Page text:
Bridging generations of leadership in the credit union movement

Around the globe, young leaders are making their impact felt at credit union conferences. While WYCUP and Crash events are perhaps the best known, other young leader conference events are creating forums for young leaders to build amazing relationships and gain practical learning experiences. They can be intense and a little exhausting but they’re the best way to maximize and grow the young leader community while looking to the future of the credit union system!

The Canadian version of these events, CUNextGen, was held for the third time this May as a pre-conference event at the Canadian Credit Union Conference in beautiful Banff, Alberta. CUNextGen is put on by the National Young Leaders Committee (NYLC) whose mission is to “strengthen the credit union system by bridging generations of leadership.”

This year’s facilitator was the inspiring Sandra McDowell, VP Communication & Culture, at First Credit Union. As a founding member of the NYLC ten years ago, it was great to have Sandra integrate practical stories from her own personal leadership journey in the context of having been in “our shoes.”

Sandra has done a lot of work in examining elements of leadership, especially diving into the neuroscience involved. Young leaders had completed DiSC (Dominance, Influence, Steadiness, and Conscientiousness) leadership assessments as pre-work which gave us a platform to hear different perspectives, find commonality, and see the value and the challenges of each approach..

Following this, we put our learning to the test in an experiential game of countries vying for status in a newly-merged “Imperia.” Cooperative principles, leadership qualities, passion and practicality (and perhaps a little greed!) were all important players in the end result.

The concluding session was a “human library” of executives from credit unions and CUSOs (credit union service organizations) from across Canada and the US. This was a key exercise in bridging the generations where both young leaders and “books” engaged in rich dialogue and questions. It’s not that often that we get the chance to engage CEOs in this way and their interest in supporting the next generation is critical to the success of the system.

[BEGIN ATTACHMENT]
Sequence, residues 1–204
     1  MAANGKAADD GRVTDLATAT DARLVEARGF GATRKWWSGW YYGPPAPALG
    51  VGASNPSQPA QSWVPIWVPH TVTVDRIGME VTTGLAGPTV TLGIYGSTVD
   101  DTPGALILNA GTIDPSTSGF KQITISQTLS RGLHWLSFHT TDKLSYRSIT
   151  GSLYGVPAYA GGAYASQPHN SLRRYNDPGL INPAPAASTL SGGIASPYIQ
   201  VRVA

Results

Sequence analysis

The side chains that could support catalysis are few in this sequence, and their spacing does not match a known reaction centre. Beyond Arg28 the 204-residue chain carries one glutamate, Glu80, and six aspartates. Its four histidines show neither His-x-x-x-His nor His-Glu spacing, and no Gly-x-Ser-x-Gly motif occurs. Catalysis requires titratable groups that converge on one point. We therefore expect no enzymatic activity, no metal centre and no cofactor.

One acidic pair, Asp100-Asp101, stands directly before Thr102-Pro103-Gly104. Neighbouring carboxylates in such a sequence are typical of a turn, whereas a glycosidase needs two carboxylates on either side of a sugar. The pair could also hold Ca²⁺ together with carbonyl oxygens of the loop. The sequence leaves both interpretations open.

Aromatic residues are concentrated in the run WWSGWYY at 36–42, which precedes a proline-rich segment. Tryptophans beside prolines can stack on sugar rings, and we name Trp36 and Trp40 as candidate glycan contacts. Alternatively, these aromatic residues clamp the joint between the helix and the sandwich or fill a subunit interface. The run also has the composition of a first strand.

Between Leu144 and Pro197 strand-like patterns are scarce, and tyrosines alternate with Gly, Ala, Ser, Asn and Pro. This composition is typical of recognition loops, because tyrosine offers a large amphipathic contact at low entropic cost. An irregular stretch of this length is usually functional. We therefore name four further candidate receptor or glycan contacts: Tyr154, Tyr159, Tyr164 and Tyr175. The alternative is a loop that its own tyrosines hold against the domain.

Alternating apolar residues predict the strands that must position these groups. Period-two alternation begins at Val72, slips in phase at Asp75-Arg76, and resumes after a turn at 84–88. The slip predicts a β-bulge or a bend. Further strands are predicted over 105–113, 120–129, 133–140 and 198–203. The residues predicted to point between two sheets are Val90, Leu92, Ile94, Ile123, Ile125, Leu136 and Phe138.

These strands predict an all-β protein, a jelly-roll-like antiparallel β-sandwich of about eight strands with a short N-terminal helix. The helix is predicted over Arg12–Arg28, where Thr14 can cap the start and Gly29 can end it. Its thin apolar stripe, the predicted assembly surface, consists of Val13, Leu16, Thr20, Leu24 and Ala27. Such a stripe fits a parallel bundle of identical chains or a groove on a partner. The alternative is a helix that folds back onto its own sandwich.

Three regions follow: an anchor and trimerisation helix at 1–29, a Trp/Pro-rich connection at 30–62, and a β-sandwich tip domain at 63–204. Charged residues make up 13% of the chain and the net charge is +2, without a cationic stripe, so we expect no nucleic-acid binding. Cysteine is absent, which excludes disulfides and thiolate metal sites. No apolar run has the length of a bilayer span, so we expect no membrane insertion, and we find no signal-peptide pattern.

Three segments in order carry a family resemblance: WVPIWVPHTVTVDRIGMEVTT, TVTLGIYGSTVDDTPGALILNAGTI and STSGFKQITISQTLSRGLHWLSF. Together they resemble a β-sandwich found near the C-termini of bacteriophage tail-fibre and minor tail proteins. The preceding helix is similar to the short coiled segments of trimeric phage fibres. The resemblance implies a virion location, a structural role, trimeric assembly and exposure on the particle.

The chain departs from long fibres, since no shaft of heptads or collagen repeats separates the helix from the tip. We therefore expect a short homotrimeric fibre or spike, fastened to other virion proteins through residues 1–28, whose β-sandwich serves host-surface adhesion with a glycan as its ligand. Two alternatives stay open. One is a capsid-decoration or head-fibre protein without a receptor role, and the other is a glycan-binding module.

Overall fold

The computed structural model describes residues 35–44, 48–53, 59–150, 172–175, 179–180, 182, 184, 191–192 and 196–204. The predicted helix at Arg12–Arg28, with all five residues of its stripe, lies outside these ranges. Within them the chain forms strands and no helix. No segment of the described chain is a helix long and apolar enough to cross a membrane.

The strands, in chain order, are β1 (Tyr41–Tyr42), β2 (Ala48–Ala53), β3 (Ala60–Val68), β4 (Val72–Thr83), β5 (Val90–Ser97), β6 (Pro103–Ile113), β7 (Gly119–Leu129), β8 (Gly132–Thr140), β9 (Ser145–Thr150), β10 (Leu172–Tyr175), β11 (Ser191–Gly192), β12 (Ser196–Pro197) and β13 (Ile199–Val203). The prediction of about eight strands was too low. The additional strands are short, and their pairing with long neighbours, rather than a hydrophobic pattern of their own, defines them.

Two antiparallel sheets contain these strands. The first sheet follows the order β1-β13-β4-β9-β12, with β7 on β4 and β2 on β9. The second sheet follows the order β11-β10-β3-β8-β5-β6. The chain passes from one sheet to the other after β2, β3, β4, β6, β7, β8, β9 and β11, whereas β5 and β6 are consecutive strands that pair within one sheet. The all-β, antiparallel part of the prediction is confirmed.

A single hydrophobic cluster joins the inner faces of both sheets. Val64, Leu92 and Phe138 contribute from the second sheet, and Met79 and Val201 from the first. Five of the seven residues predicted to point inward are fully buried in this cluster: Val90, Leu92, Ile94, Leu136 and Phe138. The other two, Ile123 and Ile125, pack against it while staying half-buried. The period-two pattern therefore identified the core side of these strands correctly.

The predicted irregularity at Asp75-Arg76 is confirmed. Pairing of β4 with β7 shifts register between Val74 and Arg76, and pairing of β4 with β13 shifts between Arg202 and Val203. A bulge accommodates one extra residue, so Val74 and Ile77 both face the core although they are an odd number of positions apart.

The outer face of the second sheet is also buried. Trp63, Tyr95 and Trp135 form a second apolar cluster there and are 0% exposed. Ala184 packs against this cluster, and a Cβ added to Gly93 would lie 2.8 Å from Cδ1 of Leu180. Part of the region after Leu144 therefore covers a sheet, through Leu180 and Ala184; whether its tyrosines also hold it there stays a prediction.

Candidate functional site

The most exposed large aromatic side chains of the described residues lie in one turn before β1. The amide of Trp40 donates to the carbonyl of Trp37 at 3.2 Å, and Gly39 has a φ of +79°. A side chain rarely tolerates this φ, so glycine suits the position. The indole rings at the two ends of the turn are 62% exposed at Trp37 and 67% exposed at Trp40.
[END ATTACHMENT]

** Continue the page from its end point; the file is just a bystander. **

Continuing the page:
After taking in the opening reception of the main conference, we hopped on a bus and headed off to Lake Louise for a “good ol’ western party.” Much frivolity, singing, and all kinds of dancing – including line – ensued. After starting the day as a room of strangers, we had all made new friends and an amazing tone (tone-deaf singing notwithstanding) had been set for the rest of the conference.

On the second day, Sandra led us in a closer look at ourselves and the impact we have on others. We talked about developing our EQ (“IQ gets you the interview, EQ gets you the job”) and the need for emotional intelligence in our lives. Sandra gave us some opportunity to think about mindfulness and grounded all of it in deeper insights into the neuroscience behind it. She also walked us through different coaching frameworks, giving us insight into when we aren’t coaching but teaching/telling/mentoring instead.

The final group activity was to build a LEGO creation at each table that represented what we had learned throughout the two days. The theme of leading with “heart and backbone” was picked up by several groups which Sandra was really excited to see. It’s her personal philosophy which she believes is needed more in our system.

To close out CUNextGen, the NYLC announced a donation of $2,500 to the Banff Community Foundation. Over the years, the NYLC has raised more than $100,000 for the work of the Cooperative Development Foundation through various fundraising activities and decided this year to focus on the local region where the conference takes place. This approach, which will be enhanced in the future, was supported by the National Credit Union Social Responsibility committee and the local Bow Valley Credit Union in selecting the foundation.

Using CUNextGen as a launching pad, young leaders spoke up and used their voices to impact the future of the system throughout the main conference. Through presentations by finalists in the National Credit Union Young Leader Awards, questions asked during keynotes and sessions, and NYLC members reaching out to gain insight into what more they can do to support the growing network, young leaders were noticed by all generations. The future is bright!

Benjamin Janzen

Benjamin Janzen

Benjamin Janzen is the Stewardship in Action Advisor at Mennonite Savings and Credit Union, Canada’s largest faith-based credit union. He works on projects advancing peace, social justice, and mutual ... Web: Details

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